Building and Buying Gaming PCs

Caleb Peschke

The gap in between the PC Master Race and the console players have grown tremendously over this Christmas festive season. According to, a staggering 67 percent of the U.S. population plays video games; a whopping 52 percent of that is made up of PC players. This holiday season, many of our own Brownsburg High School students have peaked interest in buying and building their own PC.

“It is a difficult process to find good enough items to fit your budget, but if you do, you’re in a good spot. I picked the parts that best fit the kind of gaming I plan to do. I went with a higher priced GPU (graphics card) and cut the prices on the not-so-important parts like the case and such,” said Jamie Cameron, a Sophomore at BHS.

Cameron’s parts are coming in later this month, and he will be building it on the 24th of December.

Nate Toney, a Sophomore at BHS, is also looking for a PC to game on but at a lower budget than Cameron. Toney went to his friends in a discord server to ask for advice on which prebuilt PC and/or parts to order for his new gaming entity. His friends were able to help him in choosing a final product that he can upgrade the internals on later down the line if need be.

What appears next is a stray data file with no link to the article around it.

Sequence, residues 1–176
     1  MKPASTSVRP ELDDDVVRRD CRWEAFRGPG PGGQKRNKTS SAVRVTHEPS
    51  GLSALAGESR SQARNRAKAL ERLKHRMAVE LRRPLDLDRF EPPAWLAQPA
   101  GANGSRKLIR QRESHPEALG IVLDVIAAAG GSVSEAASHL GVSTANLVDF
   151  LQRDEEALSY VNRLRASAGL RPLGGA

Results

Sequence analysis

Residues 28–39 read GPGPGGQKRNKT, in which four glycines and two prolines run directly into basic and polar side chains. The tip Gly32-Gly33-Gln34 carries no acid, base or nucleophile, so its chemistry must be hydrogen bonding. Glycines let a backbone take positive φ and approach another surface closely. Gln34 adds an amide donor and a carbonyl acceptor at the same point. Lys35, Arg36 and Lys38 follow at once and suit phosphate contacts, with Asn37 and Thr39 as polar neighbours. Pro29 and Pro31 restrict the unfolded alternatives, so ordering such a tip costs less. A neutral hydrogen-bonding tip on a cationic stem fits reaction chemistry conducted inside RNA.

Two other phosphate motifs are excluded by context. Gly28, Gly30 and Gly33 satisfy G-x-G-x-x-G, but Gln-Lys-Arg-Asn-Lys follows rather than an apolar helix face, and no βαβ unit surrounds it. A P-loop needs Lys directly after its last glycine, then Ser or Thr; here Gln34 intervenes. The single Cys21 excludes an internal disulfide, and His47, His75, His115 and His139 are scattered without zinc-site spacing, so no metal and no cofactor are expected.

This was the original build that was created for Nate Toney.

ESports is what is believed to draw the attention of young gamers to start streaming and gaming on these high-end gaming devices. There are various games that you can play on PC, and there are very few exclusives that are on there. While Playstation and Xbox players argue over which console and games are better, the PC gaming community gets along by not having those types of controversies.

The unfortunate end of PC gaming, however, is the price fluctuation due to the high demand with low supply. With the RTX 3090 mishap, those prices have skyrocketed. On another note, the parts on, a PC part company website, have fluctuated just from Monday (12/7/2020) to Friday (12/11/2020) making one cart of a build go from $938 USD to $1063 USD.